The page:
Prevalence and Predictors of Hospitalizations Among HIV-Infected and At-Risk HIV-Uninfected Women

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Abstract

Objectives:

We evaluated the Veterans Aging Cohort Study (VACS) Index score, an index composed of age, CD4 count, viral load, hemoglobin, Hepatitis C coinfection, Fibrosis Index-4, and estimated glomerular filtration rate, and psychosocial and clinical risk factors for all-cause hospitalization among HIV-infected women on highly active antiretroviral therapy and HIV-uninfected women.

Methods:

Data were collected from 2008 to 2014 from 1585 highly active antiretroviral therapy-experienced HIV infected and 692 uninfected women. Cox proportional hazards regression evaluated predictors of first hospitalization over 2 years.

Results:

Among HIV-infected women, VACS Index score (per 5 points) [adjusted hazard ratio (aHR) 1.08; 95% confidence interval (CI): 1.06 to 1.11], Centers for Epidemiologic Studies-Depression (CESD) scores ≥16 (aHR 1.61; 95% CI: 1.30 to 1.99), smoking (aHR 1.26; 95% CI: 1.02 to 1.55), abuse history (aHR 1.52; 95% CI: 1.20 to 1.93), diabetes (aHR 1.63; 95% CI: 1.31 to 2.04), and black race (aHR 1.28; 95% CI: 1.03 to 1.59) increased risk of hospitalization. Among HIV-uninfected women, VACS Index score (aHR 1.08; 95% CI: 1.03 to 1.13), CESD scores ≥16 (aHR 1.38; 95% CI: 1.02 to 1.86), diabetes (aHR 2.15; 95% CI: 1.57 to 2.95), and black race (aHR 1.61; 95% CI: 1.15 to 2.24) predicted subsequent hospitalization.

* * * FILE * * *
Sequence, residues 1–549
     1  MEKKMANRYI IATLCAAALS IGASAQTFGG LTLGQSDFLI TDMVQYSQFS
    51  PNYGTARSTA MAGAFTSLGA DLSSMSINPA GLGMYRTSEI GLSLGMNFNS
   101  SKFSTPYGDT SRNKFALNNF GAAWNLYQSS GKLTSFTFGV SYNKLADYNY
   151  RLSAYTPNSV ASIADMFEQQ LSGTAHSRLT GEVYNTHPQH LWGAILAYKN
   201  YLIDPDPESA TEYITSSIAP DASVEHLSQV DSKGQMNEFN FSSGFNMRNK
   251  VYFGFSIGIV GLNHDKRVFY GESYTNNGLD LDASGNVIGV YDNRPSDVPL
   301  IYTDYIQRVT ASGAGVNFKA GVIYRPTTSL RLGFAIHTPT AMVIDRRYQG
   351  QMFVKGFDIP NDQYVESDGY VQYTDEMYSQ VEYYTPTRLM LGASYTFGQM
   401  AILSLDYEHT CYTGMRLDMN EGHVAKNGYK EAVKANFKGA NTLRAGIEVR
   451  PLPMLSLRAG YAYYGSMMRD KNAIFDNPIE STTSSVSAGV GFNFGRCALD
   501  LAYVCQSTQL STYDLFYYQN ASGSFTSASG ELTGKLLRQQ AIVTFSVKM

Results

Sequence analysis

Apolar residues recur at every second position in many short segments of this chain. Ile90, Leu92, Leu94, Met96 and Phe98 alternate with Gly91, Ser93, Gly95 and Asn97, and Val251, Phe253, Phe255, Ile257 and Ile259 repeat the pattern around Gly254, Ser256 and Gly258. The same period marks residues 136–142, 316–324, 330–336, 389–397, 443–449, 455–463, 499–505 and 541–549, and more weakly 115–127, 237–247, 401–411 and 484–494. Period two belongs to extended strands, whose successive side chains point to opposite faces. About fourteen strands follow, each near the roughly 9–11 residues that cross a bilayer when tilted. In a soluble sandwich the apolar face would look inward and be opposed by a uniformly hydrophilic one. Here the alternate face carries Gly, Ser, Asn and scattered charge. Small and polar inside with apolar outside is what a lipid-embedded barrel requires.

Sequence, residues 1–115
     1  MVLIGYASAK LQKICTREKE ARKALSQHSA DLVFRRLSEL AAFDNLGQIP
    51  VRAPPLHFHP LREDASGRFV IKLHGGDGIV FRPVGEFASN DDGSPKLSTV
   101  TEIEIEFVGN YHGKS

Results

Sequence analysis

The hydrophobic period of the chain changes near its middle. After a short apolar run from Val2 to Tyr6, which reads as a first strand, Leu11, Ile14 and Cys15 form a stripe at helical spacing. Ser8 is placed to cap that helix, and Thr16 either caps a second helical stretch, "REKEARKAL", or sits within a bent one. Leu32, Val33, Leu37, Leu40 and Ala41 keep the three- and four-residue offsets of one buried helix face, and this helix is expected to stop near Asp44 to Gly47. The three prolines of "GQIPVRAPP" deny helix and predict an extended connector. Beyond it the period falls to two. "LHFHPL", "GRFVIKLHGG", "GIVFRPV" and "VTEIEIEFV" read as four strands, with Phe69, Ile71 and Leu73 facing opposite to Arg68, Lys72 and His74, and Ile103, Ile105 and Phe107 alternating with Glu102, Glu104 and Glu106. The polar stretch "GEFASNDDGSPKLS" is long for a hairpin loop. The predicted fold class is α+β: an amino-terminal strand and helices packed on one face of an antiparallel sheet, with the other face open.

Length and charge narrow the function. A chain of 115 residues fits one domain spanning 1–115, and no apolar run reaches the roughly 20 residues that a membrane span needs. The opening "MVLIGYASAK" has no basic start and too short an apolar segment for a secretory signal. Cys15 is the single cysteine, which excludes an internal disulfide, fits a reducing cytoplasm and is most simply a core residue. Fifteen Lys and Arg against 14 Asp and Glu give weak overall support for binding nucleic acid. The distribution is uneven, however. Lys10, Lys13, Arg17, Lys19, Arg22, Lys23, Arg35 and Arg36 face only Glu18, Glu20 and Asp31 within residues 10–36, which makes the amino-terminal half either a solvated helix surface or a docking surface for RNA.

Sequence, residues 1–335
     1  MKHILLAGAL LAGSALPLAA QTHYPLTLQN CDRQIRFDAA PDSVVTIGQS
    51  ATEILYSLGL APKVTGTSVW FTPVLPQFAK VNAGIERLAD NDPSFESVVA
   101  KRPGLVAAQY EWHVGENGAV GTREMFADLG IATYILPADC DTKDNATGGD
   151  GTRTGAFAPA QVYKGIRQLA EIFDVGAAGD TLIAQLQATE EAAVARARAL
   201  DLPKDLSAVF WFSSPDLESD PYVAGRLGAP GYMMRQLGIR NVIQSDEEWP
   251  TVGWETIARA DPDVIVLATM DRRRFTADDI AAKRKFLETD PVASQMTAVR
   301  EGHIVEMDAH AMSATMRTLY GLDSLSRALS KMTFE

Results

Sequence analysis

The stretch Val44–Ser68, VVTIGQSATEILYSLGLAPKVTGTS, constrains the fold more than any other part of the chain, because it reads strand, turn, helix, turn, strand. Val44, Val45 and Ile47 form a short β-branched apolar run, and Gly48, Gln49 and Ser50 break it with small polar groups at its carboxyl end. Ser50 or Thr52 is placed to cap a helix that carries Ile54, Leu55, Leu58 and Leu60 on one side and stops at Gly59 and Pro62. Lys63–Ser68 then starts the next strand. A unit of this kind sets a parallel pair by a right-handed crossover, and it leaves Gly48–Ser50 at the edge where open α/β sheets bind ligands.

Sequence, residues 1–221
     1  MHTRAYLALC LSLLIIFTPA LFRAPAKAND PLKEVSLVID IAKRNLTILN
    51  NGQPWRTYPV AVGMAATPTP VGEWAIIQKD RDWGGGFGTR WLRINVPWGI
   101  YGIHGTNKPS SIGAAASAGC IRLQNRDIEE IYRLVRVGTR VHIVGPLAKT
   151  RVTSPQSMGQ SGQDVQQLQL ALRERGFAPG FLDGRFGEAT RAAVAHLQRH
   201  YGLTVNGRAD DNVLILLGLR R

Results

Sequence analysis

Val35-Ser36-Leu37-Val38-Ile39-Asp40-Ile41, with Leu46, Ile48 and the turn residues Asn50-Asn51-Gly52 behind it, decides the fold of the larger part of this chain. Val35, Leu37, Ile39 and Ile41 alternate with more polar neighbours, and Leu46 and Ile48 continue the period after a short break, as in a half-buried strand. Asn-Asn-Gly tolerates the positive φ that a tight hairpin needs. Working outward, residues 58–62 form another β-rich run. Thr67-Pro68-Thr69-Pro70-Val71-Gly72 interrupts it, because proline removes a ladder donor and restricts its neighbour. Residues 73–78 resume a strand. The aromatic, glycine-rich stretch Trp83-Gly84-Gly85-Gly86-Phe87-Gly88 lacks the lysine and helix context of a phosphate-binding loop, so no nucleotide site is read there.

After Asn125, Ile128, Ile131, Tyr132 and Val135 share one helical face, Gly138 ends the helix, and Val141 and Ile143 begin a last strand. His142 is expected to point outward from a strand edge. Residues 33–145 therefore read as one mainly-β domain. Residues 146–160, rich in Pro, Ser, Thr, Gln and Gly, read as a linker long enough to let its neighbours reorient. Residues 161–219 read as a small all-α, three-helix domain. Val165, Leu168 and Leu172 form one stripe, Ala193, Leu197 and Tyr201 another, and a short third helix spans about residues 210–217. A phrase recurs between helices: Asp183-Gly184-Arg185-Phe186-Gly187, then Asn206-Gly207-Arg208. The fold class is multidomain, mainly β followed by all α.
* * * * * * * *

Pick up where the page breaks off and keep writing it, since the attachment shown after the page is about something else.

Conclusions:

Psychosocial and clinical factors were associated with risk of hospitalization independently of the VACS Index score. Additional research on contextual and psychosocial influences on health outcomes among women is needed.

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